NIH trial policy row An open letter calling on the US National Institutes of Health (NIH) to delay the implementation of a policy that would broaden its definition of ‘clinical trial’ has garnered nearly 3,000 signatures. The policy, scheduled to come into effect in January 2018, is part of an NIH effort to ensure that all clinical results are publicly reported. But it would classify most studies involving human participants as clinical trials, including many that observe normal human behaviour. Such studies may need to go through extra review processes. In the letter, published on 31 August on, scientists say that the policy would “unnecessarily increase the administrative burden on investigators”. See for more.


Amazon species Researchers described 381 new plant and animal species in the Amazon between 2014 and 2015, finds a report by the conservation organization WWF. The list was compiled by reviewing scientific publications, and includes Milton’s titi monkey (Callicebus miltoni) and the western puffbird (Nystalus obamai; pictured). The report, released on 31 August, found that many of the organisms live in protected areas of the rainforest, but that the regions are threatened by deforestation, farm expansion and other human activities in Brazil.

Joao Quental (CC BY 2.0)


NASA nominee James Bridenstine, a Republican member of the US Congress from Oklahoma, was nominated to be the next head of NASA on 1 September. Bridenstine, a former US Navy pilot, is a supporter of commercial spaceflight and has repeatedly argued that the United States should return to the Moon. But he has also expressed scepticism about climate change: he has disparaged the role of humans in global warming and argued to exclude greenhouse gases from federal regulation. If confirmed by the Senate, Bridenstine will lead an agency that is wrestling with developing a new heavy-lift rocket and its accompanying Orion crew capsule to fly astronauts to an as-yet undetermined destination.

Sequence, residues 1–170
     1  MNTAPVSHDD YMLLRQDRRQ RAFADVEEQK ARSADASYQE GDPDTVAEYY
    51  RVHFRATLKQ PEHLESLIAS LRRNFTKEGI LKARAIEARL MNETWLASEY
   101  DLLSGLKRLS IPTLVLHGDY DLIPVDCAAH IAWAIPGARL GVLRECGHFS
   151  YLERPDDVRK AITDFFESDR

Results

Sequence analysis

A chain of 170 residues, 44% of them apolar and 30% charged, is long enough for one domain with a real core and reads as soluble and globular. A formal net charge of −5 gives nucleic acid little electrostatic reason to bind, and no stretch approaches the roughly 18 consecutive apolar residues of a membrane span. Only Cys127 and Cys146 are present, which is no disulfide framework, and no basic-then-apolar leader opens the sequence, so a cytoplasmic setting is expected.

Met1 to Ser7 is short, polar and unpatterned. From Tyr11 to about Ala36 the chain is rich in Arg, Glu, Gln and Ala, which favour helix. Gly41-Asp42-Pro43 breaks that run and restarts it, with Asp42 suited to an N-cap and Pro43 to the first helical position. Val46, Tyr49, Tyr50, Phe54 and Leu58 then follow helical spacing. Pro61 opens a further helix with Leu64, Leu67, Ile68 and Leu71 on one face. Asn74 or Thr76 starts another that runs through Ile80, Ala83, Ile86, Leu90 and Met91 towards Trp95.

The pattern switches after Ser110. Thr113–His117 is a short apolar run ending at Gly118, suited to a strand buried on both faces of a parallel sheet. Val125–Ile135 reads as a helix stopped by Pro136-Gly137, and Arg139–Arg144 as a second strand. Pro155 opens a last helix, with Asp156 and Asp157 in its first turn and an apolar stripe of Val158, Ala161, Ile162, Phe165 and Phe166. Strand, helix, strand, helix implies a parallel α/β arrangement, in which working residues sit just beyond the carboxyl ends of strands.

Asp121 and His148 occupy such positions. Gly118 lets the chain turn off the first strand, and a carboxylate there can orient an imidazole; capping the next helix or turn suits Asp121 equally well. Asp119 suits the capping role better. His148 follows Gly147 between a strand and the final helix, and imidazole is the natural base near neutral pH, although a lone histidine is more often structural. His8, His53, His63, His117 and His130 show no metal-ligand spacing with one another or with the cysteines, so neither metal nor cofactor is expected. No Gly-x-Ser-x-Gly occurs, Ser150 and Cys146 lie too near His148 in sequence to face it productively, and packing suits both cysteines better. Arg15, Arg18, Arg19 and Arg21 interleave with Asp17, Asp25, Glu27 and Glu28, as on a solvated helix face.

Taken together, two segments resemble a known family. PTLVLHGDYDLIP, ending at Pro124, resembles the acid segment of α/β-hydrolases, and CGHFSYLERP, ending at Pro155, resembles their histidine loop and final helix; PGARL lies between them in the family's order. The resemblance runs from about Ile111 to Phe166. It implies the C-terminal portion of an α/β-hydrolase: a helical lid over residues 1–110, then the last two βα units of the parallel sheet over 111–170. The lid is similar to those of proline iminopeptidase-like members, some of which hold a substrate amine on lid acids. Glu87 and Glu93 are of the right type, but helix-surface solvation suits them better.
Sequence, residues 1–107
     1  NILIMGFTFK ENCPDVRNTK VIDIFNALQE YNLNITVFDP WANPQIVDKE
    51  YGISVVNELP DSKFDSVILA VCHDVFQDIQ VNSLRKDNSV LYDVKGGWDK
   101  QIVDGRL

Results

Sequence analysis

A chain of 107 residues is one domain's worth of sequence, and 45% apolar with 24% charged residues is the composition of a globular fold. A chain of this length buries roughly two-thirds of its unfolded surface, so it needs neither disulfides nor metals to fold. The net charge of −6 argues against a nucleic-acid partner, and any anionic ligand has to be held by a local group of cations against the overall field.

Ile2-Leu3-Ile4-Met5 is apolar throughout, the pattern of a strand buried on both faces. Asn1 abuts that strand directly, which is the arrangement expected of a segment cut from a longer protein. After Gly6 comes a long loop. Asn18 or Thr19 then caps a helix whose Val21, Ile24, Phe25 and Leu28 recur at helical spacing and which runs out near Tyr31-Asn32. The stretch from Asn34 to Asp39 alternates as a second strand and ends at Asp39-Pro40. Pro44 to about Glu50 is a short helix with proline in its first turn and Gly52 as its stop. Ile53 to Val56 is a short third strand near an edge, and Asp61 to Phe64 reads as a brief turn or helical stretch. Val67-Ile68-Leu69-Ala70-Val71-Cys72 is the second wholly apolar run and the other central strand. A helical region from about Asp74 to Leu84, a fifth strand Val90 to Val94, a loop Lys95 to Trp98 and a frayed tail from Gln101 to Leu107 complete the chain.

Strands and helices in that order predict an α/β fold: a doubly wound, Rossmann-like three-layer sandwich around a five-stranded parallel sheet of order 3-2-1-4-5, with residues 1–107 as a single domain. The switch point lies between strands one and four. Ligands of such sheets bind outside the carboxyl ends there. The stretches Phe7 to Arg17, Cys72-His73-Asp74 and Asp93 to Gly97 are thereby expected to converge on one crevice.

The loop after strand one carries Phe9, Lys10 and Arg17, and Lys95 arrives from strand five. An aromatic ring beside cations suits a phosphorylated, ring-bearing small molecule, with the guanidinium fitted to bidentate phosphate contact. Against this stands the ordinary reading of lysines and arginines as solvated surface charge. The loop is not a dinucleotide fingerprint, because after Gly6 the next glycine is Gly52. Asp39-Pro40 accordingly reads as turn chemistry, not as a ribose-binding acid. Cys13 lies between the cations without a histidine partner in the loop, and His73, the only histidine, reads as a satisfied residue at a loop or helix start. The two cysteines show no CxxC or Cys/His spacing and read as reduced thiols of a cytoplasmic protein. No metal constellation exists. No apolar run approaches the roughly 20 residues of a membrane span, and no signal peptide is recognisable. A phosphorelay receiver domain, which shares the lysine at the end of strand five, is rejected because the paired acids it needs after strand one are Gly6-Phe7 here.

CAR-T approval The US Food and Drug Administration (FDA) has approved the use of a personalized cancer therapy called CAR-T for the first time. Tisagenlecleucel, made by Novartis of Basel, Switzerland, is a treatment for acute B-cell lymphoblastic leukaemia that involves genetically modifying a patient’s immune cells so that they recognize and attack cancerous cells. The therapy, approved on 30 August, can be offered to people under 25 whose cancer has returned after they have tried other treatments. CAR-T therapies have been hailed as game-changers but pose serious risks, including seizures and inflammatory reactions. On the same day, the FDA approved a drug by Genentech in South San Francisco, California, to treat the inflammatory effects.